New Genus of Chasmosaurinae Discovered in a Scientific Paper
The probable ancestor of dinosaurs such as Triceratops and Torosaurus has been discovered after a careful study of misidentified Pentaceratops material. It turns out that what was once thought to be a Pentaceratops represents a new genus of long-frilled, long horned chasmosaurine and this dinosaur is likely to be named Titanoceratops.
The name Titanoceratops (T. ouranos), as this ceratopsian is likely to be called is technically nomen nudum – this means that a name has been given to an organism but it has yet to be formally described or to have a holotype assigned to it. Ironically, for a horned dinosaur with a skull measuring over 2.4 metres in length and longer brow horns than Triceratops horridus it was found within the pages of a scientific journal publication.
The fossils of this dinosaur have been found in the upper Fruitland Formation of New Mexico, which dates from the Campanian faunal stage of the Late Cretaceous. If they do represent the earliest member of the Triceratopsini, then this indicates that these type of dinosaurs evolved into much bigger animals far earlier than previously thought. It was Yale University palaeontologist Nicholas Longrich who made the discovery, when he realised that fossil material described in a scientific paper and then only formally examined fifty years after the paper was first published, actually represented a new genus of horned dinosaur. The re-assessment of the fossil bones including the all important skull material (found in 1941), will be clarified in a scientific paper due to be published in the journal “Cretaceous Research”.
For Nicholas, a post doctoral assistant based at the department of geology and geophysics at the University of Yale, describing new genera of ceratopsians is becoming a bit of a habit. Last year, the paper on Mojoceratops, another new horned dinosaur named by Dr Longrich was published.
To read more about this “cool” dinosaur: Mojoceratops – what a cool name for a dinosaur.
He made the discovery whilst searching through old scientific papers. He found a description of a partial skeleton of a horned dinosaur found in 1941, that had not been formally studied until 1995, at which point it was identified as Pentaceratops sternbergi another type of chasmosaurine dinosaur known from the Western United States. The skeleton was reconstructed for a display exhibit at the Sam Noble Oklahoma Museum of Natural History, the frill far from complete in the original fossil specimen was remodelled to look like the frill of a Pentaceratops. However, when Dr Longrich examined the fossil material in detail, he began to realise that something did not quite add up.
Dr Longrich commented:
“When I looked at the skeleton more closely, I realised it was just too different from the other known Pentaceratops specimens to be a member of the species.”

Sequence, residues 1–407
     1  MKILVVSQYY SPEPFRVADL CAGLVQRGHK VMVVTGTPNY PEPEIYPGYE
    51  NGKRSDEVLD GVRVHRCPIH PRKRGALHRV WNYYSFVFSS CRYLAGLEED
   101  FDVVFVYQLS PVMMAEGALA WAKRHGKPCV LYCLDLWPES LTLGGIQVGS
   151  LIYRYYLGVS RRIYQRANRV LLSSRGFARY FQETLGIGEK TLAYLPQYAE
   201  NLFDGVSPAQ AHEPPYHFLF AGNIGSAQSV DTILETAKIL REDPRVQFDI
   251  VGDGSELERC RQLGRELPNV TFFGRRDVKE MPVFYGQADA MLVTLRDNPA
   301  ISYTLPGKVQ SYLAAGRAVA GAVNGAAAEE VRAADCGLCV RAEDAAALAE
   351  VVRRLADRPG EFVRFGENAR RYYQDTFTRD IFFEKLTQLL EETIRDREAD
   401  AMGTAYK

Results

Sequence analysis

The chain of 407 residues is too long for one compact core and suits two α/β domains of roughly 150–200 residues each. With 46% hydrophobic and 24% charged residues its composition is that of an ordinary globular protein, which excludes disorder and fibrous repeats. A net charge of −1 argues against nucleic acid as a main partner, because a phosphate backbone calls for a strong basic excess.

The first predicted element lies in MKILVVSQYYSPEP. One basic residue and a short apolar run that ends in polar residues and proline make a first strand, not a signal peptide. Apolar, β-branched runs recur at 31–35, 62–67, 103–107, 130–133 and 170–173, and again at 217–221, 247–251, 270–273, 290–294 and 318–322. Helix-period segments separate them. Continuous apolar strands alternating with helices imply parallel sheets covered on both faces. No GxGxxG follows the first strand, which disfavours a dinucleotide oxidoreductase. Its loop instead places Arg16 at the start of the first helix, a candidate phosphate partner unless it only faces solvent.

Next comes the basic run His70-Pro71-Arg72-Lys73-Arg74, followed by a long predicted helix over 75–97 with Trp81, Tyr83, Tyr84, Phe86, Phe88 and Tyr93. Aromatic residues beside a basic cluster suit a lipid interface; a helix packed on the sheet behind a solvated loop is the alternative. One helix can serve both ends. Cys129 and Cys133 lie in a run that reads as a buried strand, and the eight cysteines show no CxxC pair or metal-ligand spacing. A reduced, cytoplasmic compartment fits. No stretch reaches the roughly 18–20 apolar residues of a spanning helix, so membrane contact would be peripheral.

Although there is know variation in frill characteristics due to factors such as pathology and ontogeny, Dr Longrich could not make the fossil evidence fit the typical features of a Pentaceratops. The other difficulty that Nicholas had to contend with was the sheer size of the specimen. Although, Pentaceratops is regarded as an animal with a huge neck shield, one of the largest known in the fossil record, the dinosaur itself grew to about six metres in length. The size of the misidentified skull material now ascribed to Titanoceratops indicated a horned dinosaur closer to Triceratops and Torosaurus in size
The size of this ceratopsian has led Dr Nicholas to propose the name Titanoceratops “Titanic horned face”, a reference to this animal’s impressive size – something weighing as much as an adult African elephant. The new genus seems to be ancestral to Triceratops, but with a more elongated and thinner frill with clear fenestrae plus a wider nose horn and longer brow horns.
Dr Longrich believes that Titanoceratops was probably the ancestor of the later Torosaurus and Triceratops and that these two different types of dinosaur split several million years after Titanoceratops first evolved. However, despite the extensive fossil material and copious amount of work, a controversial paper published last year cast doubts on the distinction between Torosaurus and Triceratops, claiming that fossil material actually represented one genus. Evidence was presented to suggest that the Torosaurus material actually represented very old and mature individual members of the Triceratops genus.
To read more about this paper: The Extinction of Torosaurus – Second Time Around.
Dr Longrich, when asked about the ancestral relationship between this new dinosaur discovery and the Maastrichtian chasmosaurines stated:
“This skeleton is exactly what you would expect their ancestor to look like.”
Hopefully, more fossil material will come to light from New Mexico that will permit scientists to explore further the relationship between different members of the long-frilled, horned dinosaur group.